Channel 4’s on-demand service has been given a new look by its in-house studio 4Creative and DixonBaxi, which centres around an “constantly moving” animated play bar that looks to represent the limitless choice of TV shows online.
Channel Four’s online streaming service, All 4, has been rebranded, with a new logo that combines the channel’s historic block-based branding with a new “play bar” icon, inspired by what users see when streaming shows online.
Channel 4’s online streaming service originally launched as 4oD in 2006, then changed its name to All 4 in 2015. This rebrand was completed by 4Creative, alongside Magpie Studio and We Are Seventeen.
The new All 4 rebrand has been done by DixonBaxi and the channel’s in-house studio 4Creative, which have looked to stress the “endless” content provided by online streaming, which gives people the ability to easily “binge-watch boxsets” and switch between different shows, says Harry Ead, creative lead at DixonBaxi.
As well as emphasising the qualities of digital streaming, the rebrand also aims to bring All 4 in line with other Channel 4 branding. The new brand identity follows Channel 4’s separate channels, including 4Music, Film4 and More4, being brought under the same design style last year.
The new logo is a “4” symbol composed of many blocks, which pays homage to the Lambie-Nairn-designed Channel 4 logo that launched in 1982 and was made up of three-dimensional (3D) blocks. With a view to being “digital-first”, says Ead, the new logo is a two-dimensional (2D), flat graphic.
The logo is white set against a dark grey background, but also features a bright yellow bar and forward-angled “acidic green bar” in the middle of the “4”, which look to represent the play bar seen when users stream a show, which gradually moves as the show progresses. The yellow looks to represent the chunk of a show already watched, while the green represents what is left to watch.
The green has been adapted from a teal colour traditionally used by Channel 4, while the yellow is a new addition that looks to complement this, says Ead.
With both the colour combination and the play bar graphic device, Ead says the two design studios wanted to “move away from” icons and colours typically associated with streaming services.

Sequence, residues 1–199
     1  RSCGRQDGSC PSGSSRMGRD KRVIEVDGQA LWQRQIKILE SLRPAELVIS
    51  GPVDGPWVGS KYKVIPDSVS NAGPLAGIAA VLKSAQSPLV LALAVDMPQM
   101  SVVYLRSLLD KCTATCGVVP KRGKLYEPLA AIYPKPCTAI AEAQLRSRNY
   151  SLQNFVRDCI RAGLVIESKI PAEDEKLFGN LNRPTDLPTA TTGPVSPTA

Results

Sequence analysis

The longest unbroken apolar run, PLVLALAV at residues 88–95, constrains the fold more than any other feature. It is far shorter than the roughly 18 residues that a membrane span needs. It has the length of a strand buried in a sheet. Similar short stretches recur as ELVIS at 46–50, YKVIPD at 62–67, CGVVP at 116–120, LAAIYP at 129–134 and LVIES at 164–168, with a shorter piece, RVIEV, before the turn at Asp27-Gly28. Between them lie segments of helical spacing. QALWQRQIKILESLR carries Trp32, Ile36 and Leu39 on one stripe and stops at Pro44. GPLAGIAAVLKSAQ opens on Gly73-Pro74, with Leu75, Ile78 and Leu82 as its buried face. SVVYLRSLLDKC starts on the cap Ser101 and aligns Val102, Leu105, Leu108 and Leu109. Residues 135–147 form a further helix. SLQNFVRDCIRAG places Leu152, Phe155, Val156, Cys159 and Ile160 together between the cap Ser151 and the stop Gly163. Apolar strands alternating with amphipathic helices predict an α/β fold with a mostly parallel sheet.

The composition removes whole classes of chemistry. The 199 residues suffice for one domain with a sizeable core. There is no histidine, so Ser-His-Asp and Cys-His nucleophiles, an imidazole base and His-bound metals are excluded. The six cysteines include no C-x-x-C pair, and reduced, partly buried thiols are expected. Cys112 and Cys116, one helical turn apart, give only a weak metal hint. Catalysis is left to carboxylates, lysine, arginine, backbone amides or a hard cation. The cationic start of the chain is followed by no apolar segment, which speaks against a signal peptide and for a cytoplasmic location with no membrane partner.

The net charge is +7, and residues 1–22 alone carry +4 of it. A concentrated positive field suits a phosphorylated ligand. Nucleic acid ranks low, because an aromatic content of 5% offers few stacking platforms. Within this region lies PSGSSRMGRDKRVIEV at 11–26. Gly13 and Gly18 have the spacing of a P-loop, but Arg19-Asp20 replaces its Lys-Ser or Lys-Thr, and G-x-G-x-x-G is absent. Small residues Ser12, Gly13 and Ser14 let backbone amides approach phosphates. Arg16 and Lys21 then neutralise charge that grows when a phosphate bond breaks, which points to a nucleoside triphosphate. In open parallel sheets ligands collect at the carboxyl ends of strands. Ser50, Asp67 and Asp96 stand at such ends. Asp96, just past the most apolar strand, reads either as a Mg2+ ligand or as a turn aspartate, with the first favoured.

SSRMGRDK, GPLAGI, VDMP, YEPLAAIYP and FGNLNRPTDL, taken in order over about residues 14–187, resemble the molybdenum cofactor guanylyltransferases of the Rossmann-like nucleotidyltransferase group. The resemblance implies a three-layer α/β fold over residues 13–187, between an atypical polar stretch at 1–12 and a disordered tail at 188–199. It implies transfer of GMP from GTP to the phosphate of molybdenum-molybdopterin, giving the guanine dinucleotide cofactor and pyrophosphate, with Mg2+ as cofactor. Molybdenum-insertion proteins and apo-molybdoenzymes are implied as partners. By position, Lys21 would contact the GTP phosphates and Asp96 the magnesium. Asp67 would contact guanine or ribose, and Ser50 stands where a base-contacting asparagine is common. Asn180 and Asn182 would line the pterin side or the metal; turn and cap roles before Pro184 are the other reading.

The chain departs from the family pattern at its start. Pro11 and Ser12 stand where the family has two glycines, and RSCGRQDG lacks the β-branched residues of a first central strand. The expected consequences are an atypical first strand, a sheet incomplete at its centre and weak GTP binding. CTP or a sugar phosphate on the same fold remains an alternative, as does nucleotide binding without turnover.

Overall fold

“A lot of them centre their branding around the [triangular] ‘play’ symbol,” he says. “We used the play bar to show the level of control users now have over shows they are watching, rather than being stuck in a linear process; users can move forwards and backwards as they wish. We also felt a lot of on-demand services fall on reds, pinks and richer tones, so we wanted to be different.”
An animated version of the logo for digital use and for TV advertising of All 4 shows the green and yellow play bar graphic moving in a “constant loop”, stressing the idea of “endless” content-watching, says Ead.
The forward-facing slash on the green end looks to emphasise “forward motion”, he adds. This diagonal device is mirrored across advertising posters and banners, which show sections of photos from various shows compiled side-by-side, and separated by the slash device.
“[The slash] creates the idea of forward momentum and layering up these images with sharp diagonals captures the choice available,” says Ead. “It gives this idea of flicking through lots of different content.”
The yellow-and-green play bar will also be incorporated into the user interface (UI) of All 4’s online player itself, with users soon seeing the colours appear on the play bar when they stream, in a bid to increase brand recognition, Ead says.
A new typeface, called 4 Headline, makes use of italic to suggest this forward motion, as the type is slanted. This is used for copy when advertising shows and is also bold and “super chunky” to create a “distinctive and strong graphic aesthetic”, says Ead.
The project took three and a half months to complete and will be rolling out across all touchpoints in the coming months, including the All 4 website and social channels, print advertising and materials, and TV advertising and idents for All 4.
We chat to curator Olivia Ahmad and designer Fraser Muggeridge about Corita Kent: Power Up, an exhibition currently on at London’s House of Illustration, which delves into the subversive and political work of the American nun-turned-designer.
These attention-grabbing colours are perfect for packaging, branding and marketing.